Ian Martin: 'This is our future heritage we are shrilly talking about'
Ian Martin tackles interfering quangos, critical members of the public, fractious community space
Monday. Decide to ‘future-proof’ a building I’m designing by giving it a more uncertain feel. The scheme has neither client nor purpose, so I’m keeping everything generic. Nobody knows what it, or the future, will hold.
Tuesday. I’ve had a damning appraisal from that most dreaded of quangos, the Commission for Architecture, Views, Interiors and Landscapes.
According to CAVIL, my proposed Twitter Museum is: ‘A prime example of everything wrong with architecture today: it is clumsy, lazy and trivial.This is a tragically awful design. If it were any more pedestrian it would be fined for obstructing the public highway LOL. Here, on a key urban site desperately in need of Wow and Edge, was a golden opportunity to raise the bar. That opportunity has been shamefully squandered. This is our future heritage we are shrilly talking about. Cultural capital must be spent wisely. We are custodians of epic space, not some suburban chav who has just won the National Lottery. It’s OK, suburban chavs aren’t technically working class.’
The commission is extremely critical, yet infuriatingly vague. Exactly how high must I raise it to satisfy these bastards? So high that people can’t even reach their drinks? Idiots.
Wednesday. More trouble looms. Five years ago I designed an ‘aquarium for all the family’ on the bleak outskirts of a depressed south coast city.
The idea was to synergise surging municipal ambition and vibrant local gangsterism by building an ‘iconic maritime leisure destination’. The level of subsidy secured by the culture secretary was impressive. A panel of schoolchildren chose a name for the aquarium – The Bloater – and then everyone more or less left me to it. Basically I just chucked a load of stylish glass staircases and bubbly signage around a massive fish tank.
A Quinquennial User Experience Audit is due tomorrow. It will inevitably confirm that there are ‘issues’. A high proportion of visitors are families with young children, yet entrance to The Bloater is expensive. It’s awkward for anyone pushing a buggy or a wheelchair. Half the ‘interactive’ exhibits stand mute and inactive.The aquarium’s most accessible section is crammed with preachy marine conservation bollocks and a terrible café. In summary, it is malfunctioning at an almost fetishistic level.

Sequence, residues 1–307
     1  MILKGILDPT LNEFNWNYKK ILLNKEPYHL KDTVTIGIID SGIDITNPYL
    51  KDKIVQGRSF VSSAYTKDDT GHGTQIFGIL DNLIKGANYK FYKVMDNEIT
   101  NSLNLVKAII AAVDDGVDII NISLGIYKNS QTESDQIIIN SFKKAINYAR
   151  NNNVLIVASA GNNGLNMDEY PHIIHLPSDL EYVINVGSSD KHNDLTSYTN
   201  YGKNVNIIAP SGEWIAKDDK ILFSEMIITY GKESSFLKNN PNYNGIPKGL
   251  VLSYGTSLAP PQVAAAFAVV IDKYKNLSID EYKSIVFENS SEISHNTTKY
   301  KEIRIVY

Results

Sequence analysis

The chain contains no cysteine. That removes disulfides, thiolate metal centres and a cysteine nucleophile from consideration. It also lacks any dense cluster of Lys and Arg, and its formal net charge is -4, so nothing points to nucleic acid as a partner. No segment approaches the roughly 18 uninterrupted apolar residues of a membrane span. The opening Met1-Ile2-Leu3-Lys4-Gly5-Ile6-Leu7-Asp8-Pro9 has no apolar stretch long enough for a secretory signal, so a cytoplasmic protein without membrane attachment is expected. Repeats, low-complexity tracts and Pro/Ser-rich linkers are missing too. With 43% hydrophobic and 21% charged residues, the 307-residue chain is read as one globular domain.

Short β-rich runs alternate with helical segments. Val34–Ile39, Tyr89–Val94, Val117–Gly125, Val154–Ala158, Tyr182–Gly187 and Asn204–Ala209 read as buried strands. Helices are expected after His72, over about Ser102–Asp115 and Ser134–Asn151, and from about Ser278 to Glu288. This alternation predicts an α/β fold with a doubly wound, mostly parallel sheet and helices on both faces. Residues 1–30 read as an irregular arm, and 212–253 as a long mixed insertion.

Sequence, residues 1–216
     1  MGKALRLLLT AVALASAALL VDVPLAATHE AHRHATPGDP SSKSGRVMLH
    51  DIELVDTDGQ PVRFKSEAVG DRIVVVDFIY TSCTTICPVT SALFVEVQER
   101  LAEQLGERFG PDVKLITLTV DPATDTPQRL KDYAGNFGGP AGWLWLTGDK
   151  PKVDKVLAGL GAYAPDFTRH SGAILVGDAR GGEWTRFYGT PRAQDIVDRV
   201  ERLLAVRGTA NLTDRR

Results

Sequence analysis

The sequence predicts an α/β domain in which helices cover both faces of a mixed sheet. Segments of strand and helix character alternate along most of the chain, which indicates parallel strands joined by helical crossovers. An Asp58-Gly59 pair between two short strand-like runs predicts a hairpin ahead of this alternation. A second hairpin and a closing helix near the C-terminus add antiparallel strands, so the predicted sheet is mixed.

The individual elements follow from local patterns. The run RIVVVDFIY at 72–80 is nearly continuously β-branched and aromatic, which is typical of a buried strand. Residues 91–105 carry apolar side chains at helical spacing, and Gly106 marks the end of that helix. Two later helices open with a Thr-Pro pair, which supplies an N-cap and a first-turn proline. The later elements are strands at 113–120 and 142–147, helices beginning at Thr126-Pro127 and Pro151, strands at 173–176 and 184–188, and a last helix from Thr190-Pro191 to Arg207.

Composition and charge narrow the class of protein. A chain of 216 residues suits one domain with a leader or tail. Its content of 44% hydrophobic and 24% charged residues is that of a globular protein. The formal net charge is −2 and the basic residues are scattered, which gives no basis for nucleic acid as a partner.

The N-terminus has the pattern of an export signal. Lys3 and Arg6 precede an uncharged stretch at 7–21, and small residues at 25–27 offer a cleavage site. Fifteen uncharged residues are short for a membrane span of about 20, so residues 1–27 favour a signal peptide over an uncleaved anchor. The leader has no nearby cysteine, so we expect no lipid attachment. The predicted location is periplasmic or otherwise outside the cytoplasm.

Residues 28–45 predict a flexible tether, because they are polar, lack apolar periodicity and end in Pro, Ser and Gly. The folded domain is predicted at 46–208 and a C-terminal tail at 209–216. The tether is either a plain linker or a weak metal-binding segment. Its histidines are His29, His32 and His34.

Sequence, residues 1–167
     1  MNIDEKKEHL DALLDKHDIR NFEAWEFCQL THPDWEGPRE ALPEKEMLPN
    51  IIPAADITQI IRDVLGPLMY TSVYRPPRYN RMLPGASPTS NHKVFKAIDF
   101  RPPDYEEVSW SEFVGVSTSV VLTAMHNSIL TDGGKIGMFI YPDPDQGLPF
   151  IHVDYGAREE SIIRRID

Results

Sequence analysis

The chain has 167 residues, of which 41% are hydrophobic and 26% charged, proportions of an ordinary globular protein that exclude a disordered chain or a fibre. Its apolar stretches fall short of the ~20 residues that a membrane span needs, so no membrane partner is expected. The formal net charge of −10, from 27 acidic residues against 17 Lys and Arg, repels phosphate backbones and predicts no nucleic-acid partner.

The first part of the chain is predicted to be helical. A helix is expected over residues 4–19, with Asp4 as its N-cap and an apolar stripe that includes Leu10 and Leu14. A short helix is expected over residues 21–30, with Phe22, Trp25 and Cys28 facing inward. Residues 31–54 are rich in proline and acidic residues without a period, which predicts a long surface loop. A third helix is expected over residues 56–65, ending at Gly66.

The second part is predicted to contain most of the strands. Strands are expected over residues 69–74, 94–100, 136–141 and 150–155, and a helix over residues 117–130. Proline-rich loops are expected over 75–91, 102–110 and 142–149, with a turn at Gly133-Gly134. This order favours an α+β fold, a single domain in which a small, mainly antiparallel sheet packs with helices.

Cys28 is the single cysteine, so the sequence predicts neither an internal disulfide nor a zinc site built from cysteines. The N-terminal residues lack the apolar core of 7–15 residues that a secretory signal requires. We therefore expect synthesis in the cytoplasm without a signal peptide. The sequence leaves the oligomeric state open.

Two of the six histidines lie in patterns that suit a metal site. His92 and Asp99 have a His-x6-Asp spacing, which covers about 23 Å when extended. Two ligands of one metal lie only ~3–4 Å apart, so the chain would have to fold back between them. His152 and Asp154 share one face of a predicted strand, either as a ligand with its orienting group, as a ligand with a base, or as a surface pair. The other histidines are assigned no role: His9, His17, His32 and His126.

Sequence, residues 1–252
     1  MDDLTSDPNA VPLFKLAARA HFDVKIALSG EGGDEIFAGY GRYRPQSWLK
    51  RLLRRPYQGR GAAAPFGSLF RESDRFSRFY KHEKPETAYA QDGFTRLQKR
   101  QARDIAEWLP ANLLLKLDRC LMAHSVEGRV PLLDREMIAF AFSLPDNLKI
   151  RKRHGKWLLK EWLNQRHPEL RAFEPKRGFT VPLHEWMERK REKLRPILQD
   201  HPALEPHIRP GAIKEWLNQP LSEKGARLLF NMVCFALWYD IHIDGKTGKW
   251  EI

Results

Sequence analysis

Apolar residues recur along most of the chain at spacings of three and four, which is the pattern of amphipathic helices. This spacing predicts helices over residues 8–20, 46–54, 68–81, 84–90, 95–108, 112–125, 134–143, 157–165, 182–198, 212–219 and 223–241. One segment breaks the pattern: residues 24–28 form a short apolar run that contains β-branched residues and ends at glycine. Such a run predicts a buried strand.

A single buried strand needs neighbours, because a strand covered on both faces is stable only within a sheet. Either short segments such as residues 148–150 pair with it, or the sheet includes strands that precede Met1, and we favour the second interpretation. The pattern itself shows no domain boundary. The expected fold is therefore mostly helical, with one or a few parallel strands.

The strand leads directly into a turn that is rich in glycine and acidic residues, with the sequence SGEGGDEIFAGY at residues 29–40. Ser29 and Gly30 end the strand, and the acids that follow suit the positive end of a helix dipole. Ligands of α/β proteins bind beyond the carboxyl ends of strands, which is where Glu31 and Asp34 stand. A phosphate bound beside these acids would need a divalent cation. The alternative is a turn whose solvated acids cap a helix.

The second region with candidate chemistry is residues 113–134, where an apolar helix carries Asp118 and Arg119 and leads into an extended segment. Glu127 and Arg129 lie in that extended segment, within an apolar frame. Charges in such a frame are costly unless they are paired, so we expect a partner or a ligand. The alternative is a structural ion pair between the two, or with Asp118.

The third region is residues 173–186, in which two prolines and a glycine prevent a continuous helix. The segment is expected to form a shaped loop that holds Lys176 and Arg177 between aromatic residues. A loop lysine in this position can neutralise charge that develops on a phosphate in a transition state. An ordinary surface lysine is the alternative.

Thursday. The quinquennial audit is out, and as predicted includes a litany of design defects that would shame an amateur. Luckily, I am a professional.
As part of my contract, the clients were obliged to hire Chunky Vibes, a consultancy I coincidentally part-owned, to ‘metabrand’ The Bloater via a garish website. Never mind the comprehensive, robust and secure content management solution. Or ‘top positions being achieved on Google across more than 70 different key phrases’. No. The real triumph for The Bloater’s online presence has been our Feedback Page; specifically, the system of discreet cash payments to staff who concoct plausibly misspelled accounts of their fantastic days out at The Bloater, having marvellous family experiences, looking at the fish etc.
These exquisite miniature works of fiction now outnumber real, bad feedback material by a factor of 4 to 1. Good odds in anyone’s user experience audit, and much cheaper than professional indemnity insurance.
Friday. What is ‘community/public space’, and how might we ‘create’ it? This is the weighty subject of a conference at Tamworth’s Centre for Forward Urban Thinking.
First, inspirational developer-philanthropist Sir Tetley Jacobin wants to know ‘how the government will realise the benefits of joining up departments so they can all participate with their respective hats and become “neighbours on the village green”, perhaps discussing the upcoming fete, comparing commute times or moaning about Ocado?’ Then a succession of speakers. An urban geographer suggests tackling the problem of community/public space at a fundamental level, by replacing the forward slash with an ampersand. A member of the RIPBA’s Placemaker Team proposes more case studies.
It is left to the surprise guest speaker – activist Amy Blackwater in her trademark balaclava – to take the piss out of community/public space creation as a patrician idea, and to call for the immediate public reacquisition of all private property. In one sense she failed, as everyone assumed she was doing stand-up. In another she succeeded, as everyone laughed.
Saturday. Shopping. Buy a new respective hat and a joined-up overcoat.
Sunday. Test my sustainability parameters by staying in the recliner all day.